Zelve is one of the
best examples of troglodyte (cave dweller) communities in existence today, and
exemplifies man's ability to adapt himself to his environment in a harmonious
manner. Because the volcanic rocks and cones provided insulation from the
unrelenting heat of summer and the freezing cold of winter, the cave dwellers of
this region developed ingenious ways of creating comfortable living quarters,
churches, monasteries, pigeon houses, and storage areas.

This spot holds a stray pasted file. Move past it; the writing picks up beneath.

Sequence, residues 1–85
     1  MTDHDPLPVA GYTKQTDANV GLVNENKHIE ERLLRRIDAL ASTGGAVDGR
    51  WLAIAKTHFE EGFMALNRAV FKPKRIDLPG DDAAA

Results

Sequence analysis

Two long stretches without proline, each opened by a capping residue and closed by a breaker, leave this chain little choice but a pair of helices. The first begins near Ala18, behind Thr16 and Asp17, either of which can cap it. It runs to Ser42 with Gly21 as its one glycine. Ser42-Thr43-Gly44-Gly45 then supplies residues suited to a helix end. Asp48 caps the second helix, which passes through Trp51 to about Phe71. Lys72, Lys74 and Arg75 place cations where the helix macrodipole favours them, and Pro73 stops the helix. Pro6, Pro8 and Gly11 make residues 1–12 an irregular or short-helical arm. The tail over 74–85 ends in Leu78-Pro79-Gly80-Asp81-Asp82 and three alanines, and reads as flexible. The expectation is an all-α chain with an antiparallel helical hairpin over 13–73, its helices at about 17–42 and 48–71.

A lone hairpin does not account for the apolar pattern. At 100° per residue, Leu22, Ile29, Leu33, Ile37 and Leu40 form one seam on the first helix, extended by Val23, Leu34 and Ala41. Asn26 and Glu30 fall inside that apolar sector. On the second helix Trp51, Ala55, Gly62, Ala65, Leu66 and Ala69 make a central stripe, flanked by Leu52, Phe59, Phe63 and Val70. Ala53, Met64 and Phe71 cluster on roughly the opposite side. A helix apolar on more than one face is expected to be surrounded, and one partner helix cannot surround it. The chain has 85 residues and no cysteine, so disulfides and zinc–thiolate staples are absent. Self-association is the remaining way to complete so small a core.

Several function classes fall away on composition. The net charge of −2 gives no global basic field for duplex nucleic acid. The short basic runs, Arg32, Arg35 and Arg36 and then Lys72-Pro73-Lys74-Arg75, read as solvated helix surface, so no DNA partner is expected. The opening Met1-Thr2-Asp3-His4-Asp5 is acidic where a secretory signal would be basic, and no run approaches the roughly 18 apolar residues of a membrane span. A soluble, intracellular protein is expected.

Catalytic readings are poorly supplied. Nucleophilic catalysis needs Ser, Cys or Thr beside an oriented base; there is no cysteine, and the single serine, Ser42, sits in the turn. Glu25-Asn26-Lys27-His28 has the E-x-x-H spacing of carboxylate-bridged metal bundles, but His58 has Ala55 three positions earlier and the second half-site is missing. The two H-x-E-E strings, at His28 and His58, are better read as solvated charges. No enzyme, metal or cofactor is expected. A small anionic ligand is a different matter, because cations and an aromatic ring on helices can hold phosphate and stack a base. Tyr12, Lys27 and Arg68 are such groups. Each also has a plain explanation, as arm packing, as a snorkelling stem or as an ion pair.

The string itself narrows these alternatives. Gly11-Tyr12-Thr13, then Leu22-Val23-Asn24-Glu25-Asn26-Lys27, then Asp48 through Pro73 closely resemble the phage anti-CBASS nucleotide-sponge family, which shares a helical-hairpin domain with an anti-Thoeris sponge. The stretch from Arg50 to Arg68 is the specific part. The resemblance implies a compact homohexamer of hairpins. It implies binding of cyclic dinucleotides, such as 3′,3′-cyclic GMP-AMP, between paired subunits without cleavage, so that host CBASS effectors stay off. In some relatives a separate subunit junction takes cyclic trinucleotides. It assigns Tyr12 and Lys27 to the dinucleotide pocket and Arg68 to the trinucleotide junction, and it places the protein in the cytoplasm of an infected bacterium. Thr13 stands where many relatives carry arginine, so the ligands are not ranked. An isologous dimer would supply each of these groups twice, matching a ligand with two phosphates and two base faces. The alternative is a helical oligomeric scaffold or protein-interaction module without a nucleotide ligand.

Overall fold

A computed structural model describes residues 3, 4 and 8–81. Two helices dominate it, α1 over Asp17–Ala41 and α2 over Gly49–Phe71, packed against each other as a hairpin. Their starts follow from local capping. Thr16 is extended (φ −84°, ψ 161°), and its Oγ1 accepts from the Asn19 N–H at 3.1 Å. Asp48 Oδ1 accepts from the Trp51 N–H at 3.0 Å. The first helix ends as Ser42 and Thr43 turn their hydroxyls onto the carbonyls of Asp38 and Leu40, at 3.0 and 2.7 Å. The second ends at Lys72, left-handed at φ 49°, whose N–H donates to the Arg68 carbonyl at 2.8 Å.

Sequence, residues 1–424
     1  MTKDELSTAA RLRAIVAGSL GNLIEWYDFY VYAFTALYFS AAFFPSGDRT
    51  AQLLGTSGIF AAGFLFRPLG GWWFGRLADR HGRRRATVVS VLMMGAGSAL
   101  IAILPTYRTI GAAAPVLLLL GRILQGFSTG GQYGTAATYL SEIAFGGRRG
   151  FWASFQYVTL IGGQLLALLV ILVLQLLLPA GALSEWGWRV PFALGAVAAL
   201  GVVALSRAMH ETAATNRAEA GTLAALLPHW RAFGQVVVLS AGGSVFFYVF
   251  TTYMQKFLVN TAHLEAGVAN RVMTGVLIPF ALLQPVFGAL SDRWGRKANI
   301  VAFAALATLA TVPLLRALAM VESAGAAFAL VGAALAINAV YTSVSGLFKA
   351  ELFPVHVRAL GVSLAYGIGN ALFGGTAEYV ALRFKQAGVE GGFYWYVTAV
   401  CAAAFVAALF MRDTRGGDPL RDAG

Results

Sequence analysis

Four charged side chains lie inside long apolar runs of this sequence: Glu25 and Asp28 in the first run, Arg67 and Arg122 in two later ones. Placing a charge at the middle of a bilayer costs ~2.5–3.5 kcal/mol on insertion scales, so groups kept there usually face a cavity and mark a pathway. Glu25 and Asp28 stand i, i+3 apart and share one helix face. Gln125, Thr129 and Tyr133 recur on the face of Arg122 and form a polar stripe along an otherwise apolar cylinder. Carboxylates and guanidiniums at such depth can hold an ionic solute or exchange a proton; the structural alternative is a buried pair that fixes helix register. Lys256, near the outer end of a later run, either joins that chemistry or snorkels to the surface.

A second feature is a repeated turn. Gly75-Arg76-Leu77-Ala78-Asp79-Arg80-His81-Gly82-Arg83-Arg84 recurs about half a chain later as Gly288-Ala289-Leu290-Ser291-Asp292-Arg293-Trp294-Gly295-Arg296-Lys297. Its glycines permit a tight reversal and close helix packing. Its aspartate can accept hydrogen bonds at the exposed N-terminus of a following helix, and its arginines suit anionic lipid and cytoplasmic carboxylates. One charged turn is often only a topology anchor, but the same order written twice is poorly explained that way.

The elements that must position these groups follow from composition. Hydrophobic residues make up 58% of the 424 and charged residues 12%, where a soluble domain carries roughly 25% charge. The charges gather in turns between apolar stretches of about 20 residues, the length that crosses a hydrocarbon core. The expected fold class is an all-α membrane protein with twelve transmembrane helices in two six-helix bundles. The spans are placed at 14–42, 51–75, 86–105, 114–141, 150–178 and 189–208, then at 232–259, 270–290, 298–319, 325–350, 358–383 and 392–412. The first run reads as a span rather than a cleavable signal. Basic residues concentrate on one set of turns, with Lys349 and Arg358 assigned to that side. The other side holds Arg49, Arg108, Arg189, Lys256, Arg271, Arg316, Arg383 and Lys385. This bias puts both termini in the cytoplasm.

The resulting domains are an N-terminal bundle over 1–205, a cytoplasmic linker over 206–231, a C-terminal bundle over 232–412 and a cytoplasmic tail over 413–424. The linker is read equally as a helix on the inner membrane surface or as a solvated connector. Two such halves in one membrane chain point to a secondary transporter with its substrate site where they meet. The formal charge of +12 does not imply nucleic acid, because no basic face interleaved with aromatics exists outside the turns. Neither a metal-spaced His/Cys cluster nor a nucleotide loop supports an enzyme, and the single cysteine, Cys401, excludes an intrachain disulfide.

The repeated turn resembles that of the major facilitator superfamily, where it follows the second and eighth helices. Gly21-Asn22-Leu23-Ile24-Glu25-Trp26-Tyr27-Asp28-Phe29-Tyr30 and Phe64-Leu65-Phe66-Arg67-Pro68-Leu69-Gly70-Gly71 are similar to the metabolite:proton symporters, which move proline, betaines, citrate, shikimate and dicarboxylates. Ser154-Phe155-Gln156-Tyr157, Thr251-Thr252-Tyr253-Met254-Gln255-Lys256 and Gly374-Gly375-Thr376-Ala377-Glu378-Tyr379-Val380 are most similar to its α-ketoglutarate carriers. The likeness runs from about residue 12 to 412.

The village of Zelve
extends along the sheer cliffs of three valleys that converge on the Avanos
plain. These natural rock formations create three "avenues" where
erosion caused numerous avalanches over the centuries. What appear to be
rectangular caves are actually the interior rooms of former dwellings and
churches that have been exposed as the result of erosion and avalanches.
inhabitants of Zelve made their homes in the natural cracks in the rocks, and
carved out additional rooms as needed. Dwellings were originally created at the
level of the streams, but as the water eroded the soil, subsequent dwellings
were carved closer and closer to the ever-lowering stream bed. Thus, with the
passage of time the cliffs assumed a honeycomb appearance.